Australian gallery removes Widodo portrait after executions

Updated 01 May 2015

Australian gallery removes Widodo portrait after executions

SYDNEY: Canberra’s National Portrait Gallery has taken down an image of Indonesian President Joko Widodo following the execution of two Australian drug smugglers, saying it feared for the artwork’s safety.
Andrew Chan, 31, and Myuran Sukumaran, 34, were shot by firing squad in Indonesia on Wednesday over their role in the so-called “Bali Nine” heroin smuggling ring.
The executions of the two Australians, along with five other foreigners and one Indonesian, went ahead despite international criticism and calls for mercy from Canberra.
National Portrait Gallery director Angus Trumble said in a statement late Thursday he had removed the photographic portrait of Widodo given the strength of feeling about the executions.
“My feeling yesterday, on Wednesday morning, was that in view of the circumstances and our operations, and my best assessment of the risk of damage to the work of art, it was necessary to remove it from public display,” he said in a statement.
“Also, I was swayed by the statements of both the prime minister and the leader of the opposition and of course the position of the Parliament and the recall of our ambassador.”
Prime Minister Tony Abbott said Australia deplored the killing of the men which he said was “both cruel and unnecessary,” and recalled its ambassador to Indonesia.
Trumble said the removal of the image was a “temporary measure” and there had been no incidents relating to the work.
“My primary responsibility is the care of the works in our collection and the safety of our visitors,” he said.
Trumble said he respectfully disagreed with the views of the artist who created the portrait, Adam Ferguson, “who feels the work should remain on display.”


Russia aims to produce ‘millions’ of virus doses by 2021

Updated 03 August 2020

Russia aims to produce ‘millions’ of virus doses by 2021

  • The Gamaleya institute came under fire after researchers and directors injected themselves with the prototype months ago
  • Scientists have told AFP that Russia will struggle to adapt the vaccine to mass production because the country lacks raw materials, adequate facilities and experience

MOSCOW: Russia said Monday it aims to launch mass production of a coronavirus vaccine next month and turn out “several million” doses per month by next year.
The country is pushing ahead with several vaccine prototypes and one prepared at the Gamaleya institute in Moscow has reached advanced stages of development.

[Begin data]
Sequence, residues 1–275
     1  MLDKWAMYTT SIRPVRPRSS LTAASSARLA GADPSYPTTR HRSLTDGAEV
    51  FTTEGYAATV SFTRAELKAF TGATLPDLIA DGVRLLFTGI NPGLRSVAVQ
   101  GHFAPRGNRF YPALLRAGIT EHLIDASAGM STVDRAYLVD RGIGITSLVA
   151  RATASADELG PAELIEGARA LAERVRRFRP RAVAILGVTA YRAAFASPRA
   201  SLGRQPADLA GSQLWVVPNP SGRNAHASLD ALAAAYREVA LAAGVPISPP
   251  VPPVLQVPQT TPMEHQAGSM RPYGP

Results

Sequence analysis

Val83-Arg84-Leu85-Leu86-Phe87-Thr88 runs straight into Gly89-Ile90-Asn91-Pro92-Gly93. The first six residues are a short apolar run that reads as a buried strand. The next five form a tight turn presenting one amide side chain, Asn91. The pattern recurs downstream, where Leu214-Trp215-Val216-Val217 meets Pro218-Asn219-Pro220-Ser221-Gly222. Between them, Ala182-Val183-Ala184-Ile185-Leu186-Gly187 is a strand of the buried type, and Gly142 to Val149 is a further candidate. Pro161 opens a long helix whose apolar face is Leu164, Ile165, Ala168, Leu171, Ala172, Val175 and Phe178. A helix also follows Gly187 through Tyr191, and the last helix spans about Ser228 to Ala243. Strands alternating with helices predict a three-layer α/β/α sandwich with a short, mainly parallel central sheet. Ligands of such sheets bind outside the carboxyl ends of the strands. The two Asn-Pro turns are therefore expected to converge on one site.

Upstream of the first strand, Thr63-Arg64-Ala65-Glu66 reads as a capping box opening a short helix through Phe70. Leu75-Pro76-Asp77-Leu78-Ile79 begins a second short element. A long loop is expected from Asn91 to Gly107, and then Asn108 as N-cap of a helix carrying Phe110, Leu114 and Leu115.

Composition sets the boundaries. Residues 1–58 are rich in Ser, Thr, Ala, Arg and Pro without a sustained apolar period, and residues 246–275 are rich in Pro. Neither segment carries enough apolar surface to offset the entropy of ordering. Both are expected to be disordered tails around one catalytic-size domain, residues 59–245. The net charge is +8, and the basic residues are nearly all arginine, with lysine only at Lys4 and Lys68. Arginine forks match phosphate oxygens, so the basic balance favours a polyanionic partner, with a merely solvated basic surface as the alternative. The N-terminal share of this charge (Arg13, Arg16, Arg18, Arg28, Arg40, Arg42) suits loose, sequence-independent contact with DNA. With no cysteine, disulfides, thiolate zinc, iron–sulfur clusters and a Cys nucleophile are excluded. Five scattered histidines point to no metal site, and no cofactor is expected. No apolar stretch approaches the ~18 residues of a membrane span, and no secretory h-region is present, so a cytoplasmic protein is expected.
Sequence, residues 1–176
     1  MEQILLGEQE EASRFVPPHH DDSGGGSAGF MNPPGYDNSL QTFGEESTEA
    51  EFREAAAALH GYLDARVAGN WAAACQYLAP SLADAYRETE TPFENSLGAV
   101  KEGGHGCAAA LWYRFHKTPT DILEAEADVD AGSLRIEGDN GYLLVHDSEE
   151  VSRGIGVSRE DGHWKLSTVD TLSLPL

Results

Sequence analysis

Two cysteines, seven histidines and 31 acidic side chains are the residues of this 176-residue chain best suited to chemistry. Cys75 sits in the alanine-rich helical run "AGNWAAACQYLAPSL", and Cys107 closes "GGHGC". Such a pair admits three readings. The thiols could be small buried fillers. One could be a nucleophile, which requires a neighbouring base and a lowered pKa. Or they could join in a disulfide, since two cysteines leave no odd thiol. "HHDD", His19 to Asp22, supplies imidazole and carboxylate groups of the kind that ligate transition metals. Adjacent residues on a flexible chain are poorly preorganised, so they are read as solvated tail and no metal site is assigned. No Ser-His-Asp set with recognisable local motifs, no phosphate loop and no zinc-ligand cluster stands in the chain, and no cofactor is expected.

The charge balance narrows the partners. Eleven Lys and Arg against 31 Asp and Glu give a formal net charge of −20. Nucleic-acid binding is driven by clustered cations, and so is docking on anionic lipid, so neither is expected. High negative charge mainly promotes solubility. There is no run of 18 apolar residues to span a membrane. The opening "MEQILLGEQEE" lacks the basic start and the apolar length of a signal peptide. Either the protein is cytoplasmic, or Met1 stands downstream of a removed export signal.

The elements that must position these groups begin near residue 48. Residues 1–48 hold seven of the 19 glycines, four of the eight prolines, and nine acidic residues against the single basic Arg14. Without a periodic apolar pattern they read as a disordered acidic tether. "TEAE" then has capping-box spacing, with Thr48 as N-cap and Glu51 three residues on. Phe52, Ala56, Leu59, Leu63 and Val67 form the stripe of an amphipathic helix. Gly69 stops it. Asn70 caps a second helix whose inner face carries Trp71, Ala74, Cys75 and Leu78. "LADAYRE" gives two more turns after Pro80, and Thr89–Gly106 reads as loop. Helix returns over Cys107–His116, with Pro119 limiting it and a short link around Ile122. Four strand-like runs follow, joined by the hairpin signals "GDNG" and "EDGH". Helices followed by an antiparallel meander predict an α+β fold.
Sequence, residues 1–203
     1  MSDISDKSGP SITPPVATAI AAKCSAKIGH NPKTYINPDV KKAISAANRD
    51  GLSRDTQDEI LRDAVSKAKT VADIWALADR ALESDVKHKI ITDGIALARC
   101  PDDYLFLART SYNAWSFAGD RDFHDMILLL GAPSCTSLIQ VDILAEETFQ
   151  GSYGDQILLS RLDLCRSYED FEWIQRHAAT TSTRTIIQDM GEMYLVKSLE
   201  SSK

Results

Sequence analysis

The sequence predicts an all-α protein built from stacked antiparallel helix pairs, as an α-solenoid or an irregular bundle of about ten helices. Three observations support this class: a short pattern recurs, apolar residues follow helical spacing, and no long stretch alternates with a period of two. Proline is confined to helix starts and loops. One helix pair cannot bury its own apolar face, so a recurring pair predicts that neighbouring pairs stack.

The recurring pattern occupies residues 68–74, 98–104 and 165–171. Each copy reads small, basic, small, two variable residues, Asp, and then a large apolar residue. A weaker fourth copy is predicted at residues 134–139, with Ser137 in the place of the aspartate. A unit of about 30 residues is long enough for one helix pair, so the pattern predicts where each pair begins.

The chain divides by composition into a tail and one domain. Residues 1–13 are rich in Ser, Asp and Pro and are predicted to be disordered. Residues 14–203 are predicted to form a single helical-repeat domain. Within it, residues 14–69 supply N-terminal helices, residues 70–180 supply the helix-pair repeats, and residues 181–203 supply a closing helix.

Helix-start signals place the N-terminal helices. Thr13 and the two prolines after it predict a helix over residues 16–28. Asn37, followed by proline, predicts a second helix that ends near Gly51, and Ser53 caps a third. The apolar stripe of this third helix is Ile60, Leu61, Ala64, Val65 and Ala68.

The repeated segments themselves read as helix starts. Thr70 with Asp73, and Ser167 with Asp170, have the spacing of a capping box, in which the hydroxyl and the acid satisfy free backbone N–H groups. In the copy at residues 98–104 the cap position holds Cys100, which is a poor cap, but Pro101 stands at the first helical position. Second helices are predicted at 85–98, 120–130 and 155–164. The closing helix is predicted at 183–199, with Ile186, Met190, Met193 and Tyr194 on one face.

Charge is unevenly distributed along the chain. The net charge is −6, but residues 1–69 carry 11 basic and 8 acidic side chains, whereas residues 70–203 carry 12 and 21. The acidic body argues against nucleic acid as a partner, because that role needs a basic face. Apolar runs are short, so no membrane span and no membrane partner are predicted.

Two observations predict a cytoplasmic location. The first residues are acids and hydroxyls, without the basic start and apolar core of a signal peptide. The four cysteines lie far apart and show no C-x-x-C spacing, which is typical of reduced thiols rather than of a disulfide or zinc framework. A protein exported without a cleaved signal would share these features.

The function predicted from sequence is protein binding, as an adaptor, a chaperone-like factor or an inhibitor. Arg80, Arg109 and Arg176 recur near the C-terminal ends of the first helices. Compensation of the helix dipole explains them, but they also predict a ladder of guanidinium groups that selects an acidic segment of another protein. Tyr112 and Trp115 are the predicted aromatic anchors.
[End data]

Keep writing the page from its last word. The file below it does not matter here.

“We are very much counting on starting mass production in September,” industry minister Denis Manturov said in an interview published by TASS news agency.
“We will be able to ensure production volumes of several hundred thousand a month, with an eventual increase to several million by the start of next year,” he said, adding that one developer is preparing production technology at three locations in central Russia.
Health Minister Mikhail Murashko on Saturday said the Gamaleya vaccine had “completed clinical trials” and that documents were being prepared to register it with the state.
Another vaccine, developed by Siberia-based Vektor lab, is currently undergoing clinical trials and two more will begin human testing within the next two months, Murashko said.
Gamaleya’s vaccine is a so-called viral vector vaccine, meaning it employs another virus to carry the DNA encoding of the needed immune response into cells.
Gamaleya’s vaccine employs the adenovirus, a similar technology to the coronavirus vaccine prototype developed by China’s CanSino, currently in the advanced stage of clinical trials.
The Gamaleya institute came under fire after researchers and directors injected themselves with the prototype months ago, with specialists criticizing the move as an unorthodox and rushed way of starting human trials.
Scientists have told AFP that Russia will struggle to adapt the vaccine to mass production because the country lacks raw materials, adequate facilities and experience, particularly with advanced technology like viral vector.
Some Russian officials have boasted that the country will be the first to come up with the vaccine, even comparing it to the space race to produce the first satellite in the Soviet era.
Moscow has dismissed allegations from the UK, the United States and Canada that a hacking group linked to Russian intelligence services tried to steal information about a coronavirus vaccine from labs in the West.
Russia’s coronavirus caseload is currently fourth in the world after the United States, Brazil and India.